Thursday, September 14, 2017

The List

Title:  The List
Author:  Patricia Forde
Publication Information:  Sourcebooks. 2017. 336 pages.
ISBN:  1492647969 / 978-1492647966

Book Source:  I received this book as a publisher's galley through NetGalley free of cost in exchange for an honest review.

Opening Sentence:  "Smith Fearful was a scavenger."

Favorite Quote:  "Without words, we will be imprisoned in the here and now forever ... The here and now is only the smallest part of who were are. Each of us is all that we have been, all our stories, all that we could be."

The List is a middle grade book that is based on the interesting premise that if you control people's ability to communicate, you control their actions and hence their impact on the world. Limits communication and you limit an individual's ability to influence their environment.

The List is set in a post-apocalyptic, dystopian world where man's abuse of Earth has caused The Melting, a literal melting of the polar ice caps. One man, Noa, saw it coming and successfully built a place called the Ark. The names in this book are not the most creative ones, but perhaps that is because it is geared towards a younger audience, and more obvious connections influence comprehension.

Noa seeks to create a world - to save the world - but according to his rules. Control and force are the source of his power. A key tenet of the Ark is to limit communication. Music and the arts have been forbidden. Language itself is limited to, as you might guess from the title, a list. The list is about 500 words but getting shorter by Noa's decree. Certain professions have additional words specific to their work, but those are to be used only by specific people and in specific circumstances. Beyond that, words are whittled down to what Noa considers the essentials.

Benjamin is the wordsmith of the Ark. His job is to collect errant words and be the keeper of the list. Letter (makes me think letter?) is his twelve year old apprentice. As often happens in such books, her childhood has a tragic story. Sadly, in his word searching, Benjamin disappears, and Letta becomes the official wordsmith.

Of course, she learns that things are not always what they seem in the Ark, and that the individual viewed as the savior of this community may have other plans. Conflict between the two sides persists.  Note that the book does have scenes of violence and some descriptions of torture. Parents and teachers should determine its appropriateness for their middle grade audience.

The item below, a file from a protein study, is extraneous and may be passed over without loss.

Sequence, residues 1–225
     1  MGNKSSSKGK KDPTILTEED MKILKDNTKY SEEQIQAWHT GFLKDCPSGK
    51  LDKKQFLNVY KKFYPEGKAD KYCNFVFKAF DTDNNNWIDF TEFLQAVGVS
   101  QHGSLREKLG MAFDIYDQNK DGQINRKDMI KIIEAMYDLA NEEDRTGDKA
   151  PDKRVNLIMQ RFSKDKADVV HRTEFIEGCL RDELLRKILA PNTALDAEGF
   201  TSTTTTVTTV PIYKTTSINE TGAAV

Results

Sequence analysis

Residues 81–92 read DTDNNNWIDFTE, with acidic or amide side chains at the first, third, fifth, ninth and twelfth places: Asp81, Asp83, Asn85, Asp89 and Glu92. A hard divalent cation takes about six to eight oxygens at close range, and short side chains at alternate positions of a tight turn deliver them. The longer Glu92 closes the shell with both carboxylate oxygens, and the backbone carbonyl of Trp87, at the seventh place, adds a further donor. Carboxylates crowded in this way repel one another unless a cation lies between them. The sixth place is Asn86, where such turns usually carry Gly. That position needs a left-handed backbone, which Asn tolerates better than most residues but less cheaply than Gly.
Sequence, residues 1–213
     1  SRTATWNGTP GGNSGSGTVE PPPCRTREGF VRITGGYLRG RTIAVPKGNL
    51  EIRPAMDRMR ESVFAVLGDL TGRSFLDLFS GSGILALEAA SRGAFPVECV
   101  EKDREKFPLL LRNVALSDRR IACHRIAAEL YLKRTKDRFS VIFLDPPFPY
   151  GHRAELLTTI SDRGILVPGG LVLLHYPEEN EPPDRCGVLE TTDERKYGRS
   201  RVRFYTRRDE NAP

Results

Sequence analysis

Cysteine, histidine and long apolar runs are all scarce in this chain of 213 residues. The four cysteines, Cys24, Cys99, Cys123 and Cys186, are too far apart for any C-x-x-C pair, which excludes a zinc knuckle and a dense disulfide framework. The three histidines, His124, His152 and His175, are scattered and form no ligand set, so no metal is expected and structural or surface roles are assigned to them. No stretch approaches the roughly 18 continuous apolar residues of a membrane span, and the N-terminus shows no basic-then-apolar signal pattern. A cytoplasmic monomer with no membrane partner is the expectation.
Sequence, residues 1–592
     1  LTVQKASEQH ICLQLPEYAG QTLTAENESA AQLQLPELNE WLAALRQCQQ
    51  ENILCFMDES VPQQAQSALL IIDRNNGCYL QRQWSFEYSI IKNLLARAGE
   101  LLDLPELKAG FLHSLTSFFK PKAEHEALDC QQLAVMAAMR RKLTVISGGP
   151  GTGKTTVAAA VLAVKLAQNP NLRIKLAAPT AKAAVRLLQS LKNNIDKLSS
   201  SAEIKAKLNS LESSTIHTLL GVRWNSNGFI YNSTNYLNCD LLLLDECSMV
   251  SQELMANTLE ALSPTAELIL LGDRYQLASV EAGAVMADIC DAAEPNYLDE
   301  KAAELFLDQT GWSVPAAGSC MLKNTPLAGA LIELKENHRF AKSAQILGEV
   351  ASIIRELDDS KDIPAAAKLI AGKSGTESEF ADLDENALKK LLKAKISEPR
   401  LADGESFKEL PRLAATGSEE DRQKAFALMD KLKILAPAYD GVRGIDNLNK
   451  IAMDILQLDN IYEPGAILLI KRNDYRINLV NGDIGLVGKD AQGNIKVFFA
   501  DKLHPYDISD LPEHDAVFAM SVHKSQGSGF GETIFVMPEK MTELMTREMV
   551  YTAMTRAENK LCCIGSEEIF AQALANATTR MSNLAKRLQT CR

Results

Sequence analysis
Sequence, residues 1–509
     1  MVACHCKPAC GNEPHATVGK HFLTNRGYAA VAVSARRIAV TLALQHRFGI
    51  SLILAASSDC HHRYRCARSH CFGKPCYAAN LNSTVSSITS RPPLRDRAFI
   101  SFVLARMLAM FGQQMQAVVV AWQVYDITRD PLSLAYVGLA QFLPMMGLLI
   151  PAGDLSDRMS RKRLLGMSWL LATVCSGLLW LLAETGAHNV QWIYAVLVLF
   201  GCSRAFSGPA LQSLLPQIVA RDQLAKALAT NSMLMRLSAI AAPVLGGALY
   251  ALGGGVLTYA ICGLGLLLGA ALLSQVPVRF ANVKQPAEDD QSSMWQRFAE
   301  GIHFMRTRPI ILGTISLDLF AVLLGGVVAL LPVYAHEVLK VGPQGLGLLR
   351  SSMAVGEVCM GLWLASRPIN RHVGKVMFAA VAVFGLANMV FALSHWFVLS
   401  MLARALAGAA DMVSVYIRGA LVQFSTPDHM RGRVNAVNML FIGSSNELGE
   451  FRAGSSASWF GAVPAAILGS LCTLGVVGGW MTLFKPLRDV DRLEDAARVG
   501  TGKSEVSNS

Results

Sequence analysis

As a adult reading the book, the story has two competing forces - the power and love of language and the environmental statement on the destruction of Earth by man. It is the environmental message that is at the heart of this book. Language is a means to control man towards Noa's environmental goals. Interestingly, for a book with a strong environmental message, the story includes no real if age-appropriate scientific information. Only one character is depicted as a scientist, and he exists on the periphery of the Ark society.

In fact, in a story of the past, Benjamin tells Letta about how "they [scientists] were seen as the enemy, the people who had opposed the Green Warriors before the Melting. There was no place for them in Ark." It is unclear how to balance that with the fact that current science is pointing out the dangers of man's abuse of earth. It is, in fact, the scientists leading the charge for environmental protection, and others who undermine science. On that point, the story may be confusing for a young audience. Which side is science on?

What I do leave the book with is the love and necessity of language. I can't imagine limiting it to a list. I can, however, imagine being a wordsmith whose life's work is to gather words.

Please share your thoughts and leave a comment. I would love to "talk" to you.

No comments:

Post a Comment